Throughout the thirteenth century women were traded as diplomatic gifts, along with relics, textiles, exotic foods, gold and jewels. They were the sisters, nieces and daughters of kings and sultans, and were contracted in marriage to foreign rulers to form or strengthen alliances between states. They were potentially powerful outsiders at the heart of an alien court who could act as bridges between different cultures. The activities and treatment of these women have frequently been overlooked, and in many cases they are barely mentioned in historical sources.
I will be looking at a series of case studies to investigate the ways in which these women interacted with the cultures that formed their new homes. They encompass travels between Venice in the west and Karakorum in Mongolia in the east, and demonstrate the full range of roles between freedom and servitude, action and passivity, that women could adopt or were subjected to in the thirteenth century.
Two examples show the extremes. At the end of the century Simonis, a Byzantine princess, was contracted in marriage to Milutin, the king of Serbia. He was about forty-five years old, she was just five. This diplomatic alliance was condemned by many in Byzantium, and the scandal grew when it was alleged that Milutin raped his child bride leaving her unable to bear children. When Simonis tried to run away home to Constantinople she was captured and returned by her own relatives, so underscoring her powerlessness. Yet despite her passivity she had a major impact on Serbia: her barrenness was presented by her husband as evidence of her piety and chastity, and established a new paradigm of good queenship for later generations.
A generation earlier, a Christian princess from Georgia married the Muslim Seljuq sultan of Anatolia. Known only as the Georgian Lady – her name was never recorded by chroniclers – she moved between her Christian roots and her new Muslim position. As the wife and mother of sultans she was able to exert considerable power: she founded both Christian and Islamic religious buildings, and funded the tomb in Konya of Jalal al-Din Rumi, the Sufi mystic and founder of the Whirling Dervishes. Her presence made the Muslim courtiers around her interpret familiar art in new ways. A coin produced by her husband showing the sun rising above a lion (a not uncommon motif) was now interpreted by those courtiers as a crypto-portrait of her dominant influence over him, indicating their alarm at her power.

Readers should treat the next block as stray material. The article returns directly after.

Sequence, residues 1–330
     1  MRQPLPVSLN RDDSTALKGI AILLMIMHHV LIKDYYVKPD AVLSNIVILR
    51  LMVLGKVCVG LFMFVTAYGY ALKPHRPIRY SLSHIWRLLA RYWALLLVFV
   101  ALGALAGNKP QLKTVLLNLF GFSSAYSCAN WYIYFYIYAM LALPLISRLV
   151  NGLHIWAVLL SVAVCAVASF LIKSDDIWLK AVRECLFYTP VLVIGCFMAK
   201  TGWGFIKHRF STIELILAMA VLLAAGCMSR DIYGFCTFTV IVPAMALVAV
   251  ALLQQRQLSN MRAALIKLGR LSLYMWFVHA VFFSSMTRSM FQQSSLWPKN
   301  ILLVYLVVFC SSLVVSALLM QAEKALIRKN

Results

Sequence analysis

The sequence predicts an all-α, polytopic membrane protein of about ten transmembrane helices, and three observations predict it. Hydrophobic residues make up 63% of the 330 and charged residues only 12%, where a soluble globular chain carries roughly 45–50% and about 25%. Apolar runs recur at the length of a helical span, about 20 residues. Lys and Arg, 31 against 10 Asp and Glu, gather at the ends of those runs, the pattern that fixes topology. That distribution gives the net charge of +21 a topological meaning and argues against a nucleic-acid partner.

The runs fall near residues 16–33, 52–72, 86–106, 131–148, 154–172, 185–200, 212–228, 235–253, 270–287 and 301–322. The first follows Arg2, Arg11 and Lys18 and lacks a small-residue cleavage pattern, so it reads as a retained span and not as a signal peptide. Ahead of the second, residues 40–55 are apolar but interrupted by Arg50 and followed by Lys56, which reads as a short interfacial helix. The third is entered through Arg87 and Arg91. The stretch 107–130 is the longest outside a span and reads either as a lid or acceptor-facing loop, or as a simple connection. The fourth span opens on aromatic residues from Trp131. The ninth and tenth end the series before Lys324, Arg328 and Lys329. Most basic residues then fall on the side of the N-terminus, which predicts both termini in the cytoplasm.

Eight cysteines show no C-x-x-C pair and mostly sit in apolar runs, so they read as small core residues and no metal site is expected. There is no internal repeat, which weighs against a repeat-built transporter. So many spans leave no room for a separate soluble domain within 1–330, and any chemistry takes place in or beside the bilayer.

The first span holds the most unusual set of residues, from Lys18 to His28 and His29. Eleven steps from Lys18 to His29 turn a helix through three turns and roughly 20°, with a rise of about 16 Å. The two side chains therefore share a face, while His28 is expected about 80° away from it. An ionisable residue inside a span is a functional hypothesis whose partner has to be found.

I am interested not just in what these women did or had done to them, but in their agency, their ability to change court cultures even just by their presence at an alien court.
As a form of gift, these women – and many others – can be placed within the broader context of gift giving and exchange that lubricated diplomatic encounters. My project crosses the three major cultural, religious and political frontiers of the thirteenth century: between the Latin West and Orthodox East, between Christians and Muslims, and between the Mediterranean world and that of the Mongol East. The project is therefore a study of the impact of imports – women, artworks and other gifts – on the societies into which they were sent.
Dr Antony Eastmond
Antony was awarded a Major Research Fellowship in 2011; providing £87,620 over 24 months.